The going got much tougher for India in the second game against Iran, who started the game on a 27-11 run, leaving India chasing the scoreboard for the next three quarters. India showed some heart to close the gap to nine at halftime, but they were outclassed by Iran after halftime, who went on to win 88-66. Mohammad Hassanzadeh Saberi A had 18 for the winning side, overcoming a fantastic 27 point-9 rebound performance by Amjyot Singh.
India started off on a good foot against Japan, leading 18-15 at the end of the first quarter, but eventually, the Japanese pace and shooting was too much for the Indians to handle. Japan reclaimed the lead at halftime and kept on the pressure in the second half all the way to a 83-65 win. Joji Takeuchi was unstoppable with 22 points and 19 rebounds in Japan's win. Makoto Hiejima added 19 in Japan's win. India were paced by captain Vishesh Bhriguvanshi (24 points, 8 rebounds, 5 assists) and, as usual, by Amjyot Singh (19 points, 10 rebounds).
India were caught napping early in their contest early next morning against Hong Kong, who came out stronger than expected and gave India a run for their money. Once again, it was the class of Amjyot (26 points, 12 rebounds) that proved to be the difference maker. India were down by five early and trailed 39-34 at halftime. But they finally gained the lead halfway in the fourth quarter and held on to their advantage en route to a 76-71 win. Yadwinder Singh had 18 points for India and Bhriguvanshi added 16. Chun Wai Wong (21), Siu Wing Chan (17), and Duncan Reid (16) were Hong Kong's leading scorers.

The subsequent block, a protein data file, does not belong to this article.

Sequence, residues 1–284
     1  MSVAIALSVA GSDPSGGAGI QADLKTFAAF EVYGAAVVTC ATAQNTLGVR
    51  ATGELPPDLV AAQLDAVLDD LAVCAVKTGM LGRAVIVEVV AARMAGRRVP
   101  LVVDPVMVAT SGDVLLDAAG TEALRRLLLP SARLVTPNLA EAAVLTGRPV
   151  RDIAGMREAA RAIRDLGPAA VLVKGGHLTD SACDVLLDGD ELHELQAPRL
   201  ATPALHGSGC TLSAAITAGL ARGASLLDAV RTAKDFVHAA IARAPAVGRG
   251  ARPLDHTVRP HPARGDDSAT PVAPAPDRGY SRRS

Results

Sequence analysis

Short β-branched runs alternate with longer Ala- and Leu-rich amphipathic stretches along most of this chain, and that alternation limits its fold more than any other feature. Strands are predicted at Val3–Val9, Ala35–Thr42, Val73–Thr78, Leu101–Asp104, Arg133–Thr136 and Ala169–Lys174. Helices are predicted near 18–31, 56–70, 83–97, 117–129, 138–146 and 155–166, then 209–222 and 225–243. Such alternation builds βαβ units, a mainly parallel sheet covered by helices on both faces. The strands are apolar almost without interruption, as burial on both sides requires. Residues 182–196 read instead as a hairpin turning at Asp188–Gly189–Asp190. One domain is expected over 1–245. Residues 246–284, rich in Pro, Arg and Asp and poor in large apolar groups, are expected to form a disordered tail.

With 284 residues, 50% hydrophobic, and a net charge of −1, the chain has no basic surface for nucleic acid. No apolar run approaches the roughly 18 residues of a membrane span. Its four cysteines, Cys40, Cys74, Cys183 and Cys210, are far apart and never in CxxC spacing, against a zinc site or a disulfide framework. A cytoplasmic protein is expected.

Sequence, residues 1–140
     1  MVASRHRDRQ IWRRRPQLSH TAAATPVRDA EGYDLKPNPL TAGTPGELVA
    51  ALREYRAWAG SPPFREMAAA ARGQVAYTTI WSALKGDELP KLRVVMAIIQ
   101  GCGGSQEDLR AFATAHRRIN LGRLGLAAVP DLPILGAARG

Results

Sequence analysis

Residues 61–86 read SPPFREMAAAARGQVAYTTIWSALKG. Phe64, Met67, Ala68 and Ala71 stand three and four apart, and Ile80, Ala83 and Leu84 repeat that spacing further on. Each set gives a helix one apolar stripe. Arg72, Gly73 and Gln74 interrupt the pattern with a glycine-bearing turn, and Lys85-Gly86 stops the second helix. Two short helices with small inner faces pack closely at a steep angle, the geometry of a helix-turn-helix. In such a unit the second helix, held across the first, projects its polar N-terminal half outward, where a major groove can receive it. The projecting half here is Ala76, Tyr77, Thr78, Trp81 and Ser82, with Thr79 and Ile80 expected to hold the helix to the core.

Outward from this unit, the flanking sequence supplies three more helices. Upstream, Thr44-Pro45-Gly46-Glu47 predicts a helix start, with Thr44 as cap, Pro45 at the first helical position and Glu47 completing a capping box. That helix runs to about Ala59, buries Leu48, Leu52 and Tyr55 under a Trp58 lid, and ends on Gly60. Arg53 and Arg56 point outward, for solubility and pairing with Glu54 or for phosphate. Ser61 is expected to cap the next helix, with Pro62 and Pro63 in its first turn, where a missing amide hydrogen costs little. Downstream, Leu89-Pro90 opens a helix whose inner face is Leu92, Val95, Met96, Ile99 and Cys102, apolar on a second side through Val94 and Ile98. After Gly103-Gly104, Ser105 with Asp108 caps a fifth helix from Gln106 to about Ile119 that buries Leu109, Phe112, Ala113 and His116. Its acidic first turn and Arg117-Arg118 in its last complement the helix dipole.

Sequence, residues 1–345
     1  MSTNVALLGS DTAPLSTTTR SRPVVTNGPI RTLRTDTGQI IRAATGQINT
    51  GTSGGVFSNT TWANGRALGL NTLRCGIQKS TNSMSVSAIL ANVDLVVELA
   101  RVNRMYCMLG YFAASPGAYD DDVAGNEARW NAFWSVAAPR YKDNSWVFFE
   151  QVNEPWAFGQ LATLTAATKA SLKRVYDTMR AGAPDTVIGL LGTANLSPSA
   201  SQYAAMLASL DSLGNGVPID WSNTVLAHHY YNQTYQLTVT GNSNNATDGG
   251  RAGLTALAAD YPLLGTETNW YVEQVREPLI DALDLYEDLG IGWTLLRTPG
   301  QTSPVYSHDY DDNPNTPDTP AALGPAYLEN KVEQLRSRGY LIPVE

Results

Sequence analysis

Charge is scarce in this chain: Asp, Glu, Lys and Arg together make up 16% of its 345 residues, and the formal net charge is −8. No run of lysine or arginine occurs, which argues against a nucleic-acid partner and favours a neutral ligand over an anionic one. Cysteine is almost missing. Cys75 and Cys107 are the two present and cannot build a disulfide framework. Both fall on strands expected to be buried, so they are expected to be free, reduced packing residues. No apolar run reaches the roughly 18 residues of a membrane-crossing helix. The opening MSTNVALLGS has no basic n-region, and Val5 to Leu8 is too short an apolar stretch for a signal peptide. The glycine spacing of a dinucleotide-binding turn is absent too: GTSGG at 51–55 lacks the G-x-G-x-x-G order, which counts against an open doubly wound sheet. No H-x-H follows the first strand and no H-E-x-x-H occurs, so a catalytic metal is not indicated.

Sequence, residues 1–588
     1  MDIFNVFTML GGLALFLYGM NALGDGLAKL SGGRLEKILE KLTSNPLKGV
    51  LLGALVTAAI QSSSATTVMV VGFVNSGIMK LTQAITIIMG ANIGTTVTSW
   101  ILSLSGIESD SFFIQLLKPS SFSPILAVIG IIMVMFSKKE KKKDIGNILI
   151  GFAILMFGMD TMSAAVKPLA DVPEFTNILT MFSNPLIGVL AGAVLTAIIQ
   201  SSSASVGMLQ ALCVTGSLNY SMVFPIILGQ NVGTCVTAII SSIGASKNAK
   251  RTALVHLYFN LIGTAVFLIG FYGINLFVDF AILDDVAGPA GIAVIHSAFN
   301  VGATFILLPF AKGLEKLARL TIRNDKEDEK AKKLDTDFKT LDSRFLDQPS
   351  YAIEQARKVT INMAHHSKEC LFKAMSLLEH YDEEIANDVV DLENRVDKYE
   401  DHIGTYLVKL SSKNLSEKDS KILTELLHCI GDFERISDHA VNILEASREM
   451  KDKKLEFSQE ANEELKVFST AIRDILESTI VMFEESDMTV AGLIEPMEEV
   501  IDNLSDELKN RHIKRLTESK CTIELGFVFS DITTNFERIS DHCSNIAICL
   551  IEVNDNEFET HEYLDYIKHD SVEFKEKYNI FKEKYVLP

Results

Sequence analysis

Fueled by two recent wins, India started off well against the Philippines in their last Second Round game, and led 17-16 at the end of the first quarter despite a tough-shooting night from their star Amjyot Singh. Eventually however, Philippines put their stamp on the game, playing efficient and unselfish basketball to blow India out easily, 99-65. Terrance Romeo led Philippines with 20, while India were paced by Bhriguvanshi (21) and Amrit Pal Singh (18 points, 13 rebounds).
no repeat of India's FIBA Asia Cup heroics from last year, China showed no mercy to India, dominating the game on both ends to win easily, 104-58. Yi Jianlian had 21 points and seven rebounds for China. For India, captain Bhriguvanshi impressed with a game-high 22 points while Yadwinder Singh added 16.